"Nomad planets" could be surprisingly common in our bustling galaxy, according to researchers at the Kavli Institute for Particle Astrophysics and Cosmology (KIPAC), a joint institute of Stanford University and the SLAC National Accelerator Laboratory. The study predicts that there may be 100,000 times more of these wandering, homeless planets than stars in the Milky Way.
Rogue planets - New observations of tiny dark clouds called globulettes suggest that free-floaters may be capable of arising within. A team of astronomers from Sweden and Finland recently observed globulettes in the Rosette Nebula, a massive cloud of dust and gas. This nebula is home to about 100 of these tiny clouds. Globulettes are incredibly dense — slightly less than 13 times Jupiter’s mass. So these are tiny blotches of dust and gas that are downright planetary.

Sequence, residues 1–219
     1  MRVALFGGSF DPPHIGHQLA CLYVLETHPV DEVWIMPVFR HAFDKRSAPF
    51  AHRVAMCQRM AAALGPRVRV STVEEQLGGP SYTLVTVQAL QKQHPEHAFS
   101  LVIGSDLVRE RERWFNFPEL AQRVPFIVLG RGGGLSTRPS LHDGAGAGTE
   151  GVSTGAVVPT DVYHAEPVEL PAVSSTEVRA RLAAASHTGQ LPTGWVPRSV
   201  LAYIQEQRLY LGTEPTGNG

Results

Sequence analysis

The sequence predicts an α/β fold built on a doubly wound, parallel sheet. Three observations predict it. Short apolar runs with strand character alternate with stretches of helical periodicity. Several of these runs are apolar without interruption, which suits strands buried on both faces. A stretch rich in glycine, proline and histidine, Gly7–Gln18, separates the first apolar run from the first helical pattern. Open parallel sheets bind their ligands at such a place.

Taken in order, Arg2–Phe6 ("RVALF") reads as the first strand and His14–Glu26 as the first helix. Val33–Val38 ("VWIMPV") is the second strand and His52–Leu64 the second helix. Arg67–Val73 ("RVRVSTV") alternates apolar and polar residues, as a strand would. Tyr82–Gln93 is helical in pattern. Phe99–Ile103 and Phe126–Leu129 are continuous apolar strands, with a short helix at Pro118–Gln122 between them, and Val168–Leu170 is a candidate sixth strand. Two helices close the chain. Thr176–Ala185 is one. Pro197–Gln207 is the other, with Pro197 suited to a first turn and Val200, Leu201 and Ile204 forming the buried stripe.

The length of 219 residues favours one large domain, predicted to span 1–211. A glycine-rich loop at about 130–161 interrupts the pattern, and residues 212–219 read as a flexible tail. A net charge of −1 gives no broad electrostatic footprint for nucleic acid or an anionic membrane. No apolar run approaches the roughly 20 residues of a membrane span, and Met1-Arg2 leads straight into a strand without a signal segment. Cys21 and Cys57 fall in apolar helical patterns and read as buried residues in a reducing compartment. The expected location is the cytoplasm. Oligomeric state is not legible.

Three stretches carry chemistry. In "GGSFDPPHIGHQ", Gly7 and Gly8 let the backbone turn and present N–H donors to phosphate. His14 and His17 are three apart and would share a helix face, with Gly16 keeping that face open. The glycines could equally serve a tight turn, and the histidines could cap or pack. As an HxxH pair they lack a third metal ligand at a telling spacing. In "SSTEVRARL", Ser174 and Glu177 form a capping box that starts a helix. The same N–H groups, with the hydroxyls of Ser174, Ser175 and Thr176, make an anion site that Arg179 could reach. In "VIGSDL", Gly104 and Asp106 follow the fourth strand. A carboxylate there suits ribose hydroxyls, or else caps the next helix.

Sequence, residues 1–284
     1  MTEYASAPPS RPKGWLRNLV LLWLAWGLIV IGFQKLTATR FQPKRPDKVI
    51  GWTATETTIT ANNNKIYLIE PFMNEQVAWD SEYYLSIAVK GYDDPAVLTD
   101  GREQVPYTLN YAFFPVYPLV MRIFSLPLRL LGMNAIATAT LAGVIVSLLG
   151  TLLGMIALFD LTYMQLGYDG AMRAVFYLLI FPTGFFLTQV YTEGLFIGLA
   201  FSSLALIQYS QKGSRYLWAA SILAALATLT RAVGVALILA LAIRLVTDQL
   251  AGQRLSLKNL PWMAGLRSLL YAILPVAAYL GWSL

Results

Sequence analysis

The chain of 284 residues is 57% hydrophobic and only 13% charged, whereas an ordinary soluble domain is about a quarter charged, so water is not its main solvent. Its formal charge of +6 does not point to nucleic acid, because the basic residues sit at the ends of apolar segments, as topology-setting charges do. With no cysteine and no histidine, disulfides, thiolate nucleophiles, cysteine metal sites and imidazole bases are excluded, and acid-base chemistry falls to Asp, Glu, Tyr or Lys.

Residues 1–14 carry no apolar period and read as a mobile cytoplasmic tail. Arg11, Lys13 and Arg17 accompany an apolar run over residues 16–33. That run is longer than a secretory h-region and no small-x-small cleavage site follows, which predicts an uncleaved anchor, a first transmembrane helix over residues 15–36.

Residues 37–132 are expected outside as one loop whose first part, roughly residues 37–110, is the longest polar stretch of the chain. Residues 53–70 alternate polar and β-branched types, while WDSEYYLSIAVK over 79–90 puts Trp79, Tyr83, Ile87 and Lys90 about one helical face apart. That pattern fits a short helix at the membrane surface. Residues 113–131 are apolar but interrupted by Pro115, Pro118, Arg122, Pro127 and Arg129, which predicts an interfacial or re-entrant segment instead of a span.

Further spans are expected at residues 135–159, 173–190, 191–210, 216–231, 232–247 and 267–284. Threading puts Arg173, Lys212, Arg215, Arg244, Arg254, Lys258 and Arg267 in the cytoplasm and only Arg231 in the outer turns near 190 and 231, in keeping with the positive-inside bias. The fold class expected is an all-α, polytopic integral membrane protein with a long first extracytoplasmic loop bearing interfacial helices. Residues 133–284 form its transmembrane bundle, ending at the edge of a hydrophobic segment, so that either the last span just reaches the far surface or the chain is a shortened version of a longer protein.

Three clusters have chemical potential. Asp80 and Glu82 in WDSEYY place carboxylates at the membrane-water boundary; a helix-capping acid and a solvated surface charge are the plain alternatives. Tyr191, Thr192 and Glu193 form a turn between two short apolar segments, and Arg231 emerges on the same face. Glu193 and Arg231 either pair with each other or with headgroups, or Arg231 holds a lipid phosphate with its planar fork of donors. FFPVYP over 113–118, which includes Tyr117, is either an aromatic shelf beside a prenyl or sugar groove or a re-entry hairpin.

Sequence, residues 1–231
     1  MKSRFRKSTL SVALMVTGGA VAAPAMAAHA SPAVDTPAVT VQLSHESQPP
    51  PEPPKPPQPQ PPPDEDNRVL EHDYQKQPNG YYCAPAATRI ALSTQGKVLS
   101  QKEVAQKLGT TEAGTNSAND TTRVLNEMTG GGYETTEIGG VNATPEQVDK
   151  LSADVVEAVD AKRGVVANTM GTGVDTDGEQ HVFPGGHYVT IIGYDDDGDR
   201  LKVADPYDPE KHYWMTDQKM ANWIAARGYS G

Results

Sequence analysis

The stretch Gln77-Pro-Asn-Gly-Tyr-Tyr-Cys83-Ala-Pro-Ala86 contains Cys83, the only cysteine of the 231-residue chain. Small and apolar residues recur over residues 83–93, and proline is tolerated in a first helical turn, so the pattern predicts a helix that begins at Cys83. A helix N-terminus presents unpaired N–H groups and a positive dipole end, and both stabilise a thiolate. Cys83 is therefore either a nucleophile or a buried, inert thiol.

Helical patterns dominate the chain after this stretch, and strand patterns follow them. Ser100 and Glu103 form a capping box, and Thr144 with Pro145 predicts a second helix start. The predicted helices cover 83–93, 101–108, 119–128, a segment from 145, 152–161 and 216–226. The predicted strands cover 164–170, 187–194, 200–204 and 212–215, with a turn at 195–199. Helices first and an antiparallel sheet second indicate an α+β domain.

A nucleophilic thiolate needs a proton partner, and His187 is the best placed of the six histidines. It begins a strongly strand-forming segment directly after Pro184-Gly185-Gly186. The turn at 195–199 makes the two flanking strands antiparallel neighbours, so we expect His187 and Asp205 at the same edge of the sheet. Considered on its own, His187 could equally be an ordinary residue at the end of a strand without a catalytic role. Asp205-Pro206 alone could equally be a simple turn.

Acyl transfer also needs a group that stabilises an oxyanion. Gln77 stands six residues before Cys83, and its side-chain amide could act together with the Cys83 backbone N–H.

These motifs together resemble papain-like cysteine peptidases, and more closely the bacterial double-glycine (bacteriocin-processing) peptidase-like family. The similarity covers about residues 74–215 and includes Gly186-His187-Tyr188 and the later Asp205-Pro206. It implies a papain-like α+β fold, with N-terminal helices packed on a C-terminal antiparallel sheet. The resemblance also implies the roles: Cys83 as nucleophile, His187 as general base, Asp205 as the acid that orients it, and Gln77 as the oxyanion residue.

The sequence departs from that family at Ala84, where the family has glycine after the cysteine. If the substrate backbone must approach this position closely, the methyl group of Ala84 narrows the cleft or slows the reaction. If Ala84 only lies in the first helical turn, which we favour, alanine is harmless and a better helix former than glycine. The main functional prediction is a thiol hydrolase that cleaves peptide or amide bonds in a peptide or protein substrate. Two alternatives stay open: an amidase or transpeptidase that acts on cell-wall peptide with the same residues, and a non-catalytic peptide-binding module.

In this artist's conception, a rogue planet drifts through space. Credit: Christine Pulliam (CfA)
‘This Is Not Normal’ – Another Rogue Planet ‘Detected’ – May Be Within Our Solar System - https://christiantruther.com/external/this-is-not-normal-another-rogue-planet-detected-may-be-within-our-solar-system/